Nate Silver has a computer model. Each day he plugs the data from the various national and swing state polls into that model, numbers are crunched, simulations are run, and he posts the results on his New York Times blog indicating who is more likely to win the presidential election: Barack Obama or Mitt Romney. (As of this posting, Silver's analysis has Obama winning in 74.6 percent of scenarios.) And for this, Silver is coming under attack from pundits who insist that their gut feeling tells them the race is a true toss-up.
"Anybody that thinks that this race is anything but a tossup right now is such an ideologue, they should be kept away from typewriters, computers, laptops and microphones for the next 10 days, because they're jokes," complained Joe Scarborough on the October 29 Morning Joe.
Complaints like Scarborough's are helped along by publications that have an interest in maintaining the view of a race that is essentially a flip of the coin, and in preserving the importance of their own roles as gatekeepers with access to critical insider information. Politico's Dylan Byers cited Scarborough's criticism along with that of New York Times columnist David Brooks in positing that Silver may be a "one-term celebrity."
"If you tell me you think you can quantify an event that is about to happen that you don't expect, like the 47 percent comment or a debate performance, I think you think you are a wizard. That's not possible," Times columnist David Brooks, a moderate conservative, said on PBS earlier this month. "The pollsters tell us what's happening now. When they start projecting, they're getting into silly land."
It makes sense that pundits like Scarborough and Brooks would have it out for a numbers guy like Silver. Their oeuvre is the intangible. They analyze based on gut feelings and nonspecifics. Their great trick is to transform the utterly unquantifiable into something approaching concrete certainty.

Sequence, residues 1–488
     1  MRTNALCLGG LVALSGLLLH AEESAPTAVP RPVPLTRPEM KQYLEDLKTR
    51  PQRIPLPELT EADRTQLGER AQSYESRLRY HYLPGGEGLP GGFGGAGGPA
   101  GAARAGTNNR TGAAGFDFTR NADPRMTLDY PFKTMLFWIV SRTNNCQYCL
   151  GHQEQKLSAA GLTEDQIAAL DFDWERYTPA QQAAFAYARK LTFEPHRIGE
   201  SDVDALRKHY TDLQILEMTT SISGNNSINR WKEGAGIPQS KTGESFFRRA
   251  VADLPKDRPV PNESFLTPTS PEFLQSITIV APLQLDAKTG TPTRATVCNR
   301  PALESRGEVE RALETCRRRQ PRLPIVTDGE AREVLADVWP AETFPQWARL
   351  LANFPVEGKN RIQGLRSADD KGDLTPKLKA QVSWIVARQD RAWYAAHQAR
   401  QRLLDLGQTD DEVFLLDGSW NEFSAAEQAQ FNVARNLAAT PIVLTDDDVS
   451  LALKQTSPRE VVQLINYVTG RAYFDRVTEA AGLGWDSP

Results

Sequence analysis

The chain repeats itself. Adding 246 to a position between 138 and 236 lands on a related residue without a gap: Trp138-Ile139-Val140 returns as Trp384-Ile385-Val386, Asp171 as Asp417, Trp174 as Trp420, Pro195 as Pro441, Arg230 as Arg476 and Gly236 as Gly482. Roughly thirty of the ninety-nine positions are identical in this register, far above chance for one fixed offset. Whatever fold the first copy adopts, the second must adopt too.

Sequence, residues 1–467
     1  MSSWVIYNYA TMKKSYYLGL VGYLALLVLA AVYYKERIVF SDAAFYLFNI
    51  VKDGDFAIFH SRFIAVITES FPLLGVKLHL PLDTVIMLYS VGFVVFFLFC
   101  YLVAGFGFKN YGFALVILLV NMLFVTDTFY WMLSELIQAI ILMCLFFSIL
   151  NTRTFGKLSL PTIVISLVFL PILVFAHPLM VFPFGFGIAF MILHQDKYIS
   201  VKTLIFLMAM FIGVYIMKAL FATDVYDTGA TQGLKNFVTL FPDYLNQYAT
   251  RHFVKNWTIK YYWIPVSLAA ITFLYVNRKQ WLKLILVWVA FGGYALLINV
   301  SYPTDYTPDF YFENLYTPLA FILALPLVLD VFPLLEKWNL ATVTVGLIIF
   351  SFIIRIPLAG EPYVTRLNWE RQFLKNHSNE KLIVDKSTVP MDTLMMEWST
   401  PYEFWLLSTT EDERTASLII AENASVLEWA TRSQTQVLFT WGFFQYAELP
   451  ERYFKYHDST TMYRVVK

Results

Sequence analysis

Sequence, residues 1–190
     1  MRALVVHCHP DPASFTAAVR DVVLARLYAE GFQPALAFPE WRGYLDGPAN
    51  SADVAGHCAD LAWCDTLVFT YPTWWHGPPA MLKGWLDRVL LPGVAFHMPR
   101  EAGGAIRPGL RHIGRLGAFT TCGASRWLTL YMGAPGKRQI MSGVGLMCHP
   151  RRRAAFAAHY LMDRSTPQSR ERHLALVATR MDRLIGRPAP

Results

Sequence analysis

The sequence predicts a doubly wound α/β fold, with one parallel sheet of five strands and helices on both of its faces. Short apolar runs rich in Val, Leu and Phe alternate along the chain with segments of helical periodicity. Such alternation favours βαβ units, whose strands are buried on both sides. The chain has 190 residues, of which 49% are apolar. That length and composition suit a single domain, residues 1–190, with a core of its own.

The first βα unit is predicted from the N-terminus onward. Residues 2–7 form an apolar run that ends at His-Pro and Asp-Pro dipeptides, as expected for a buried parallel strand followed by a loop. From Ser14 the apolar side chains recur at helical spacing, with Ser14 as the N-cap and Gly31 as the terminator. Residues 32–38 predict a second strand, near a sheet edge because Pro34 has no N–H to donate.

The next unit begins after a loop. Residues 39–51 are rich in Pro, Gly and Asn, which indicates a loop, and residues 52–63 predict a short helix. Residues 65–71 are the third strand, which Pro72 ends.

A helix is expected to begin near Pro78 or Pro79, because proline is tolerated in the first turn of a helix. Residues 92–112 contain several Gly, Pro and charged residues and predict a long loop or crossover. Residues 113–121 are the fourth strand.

Media figures including New York Times columnist Frank Bruni and MSNBC host Joe Scarborough are distorting President Obama's proposals to claim that the president has said he will rely solely on taxes to cut the deficit. In fact, Obama has proposed a balanced approach of spending cuts combined with tax increases on the wealthy to reduce deficits.
On September 9, CBS News reported Obama's "plan for reducing the deficit would cut $2.50 in spending allowances for every $1 of increased tax revenue." Obama has advocated a balanced approach to deficit-cutting for years and continues to advocate it to this day. Indeed, some progressives have criticized Obama's budget proposals for cutting spending too much.
But in a column for the latest Sunday edition of the Times, Bruni claimed that Obama is suggesting that "extra taxation on the rich alone can solve many of our budget problems." Bruni wrote:
President Obama admits that he'd like taxes raised on households making more than $250,000. But he casts those increases as an insurance policy against any significant hikes on everyone else, and puts an emphasis on them far out of bounds with their potential impact. The implication is that extra taxation on the rich alone can solve many of our budget problems. That's savvy marketing, smart politics and utter bunk.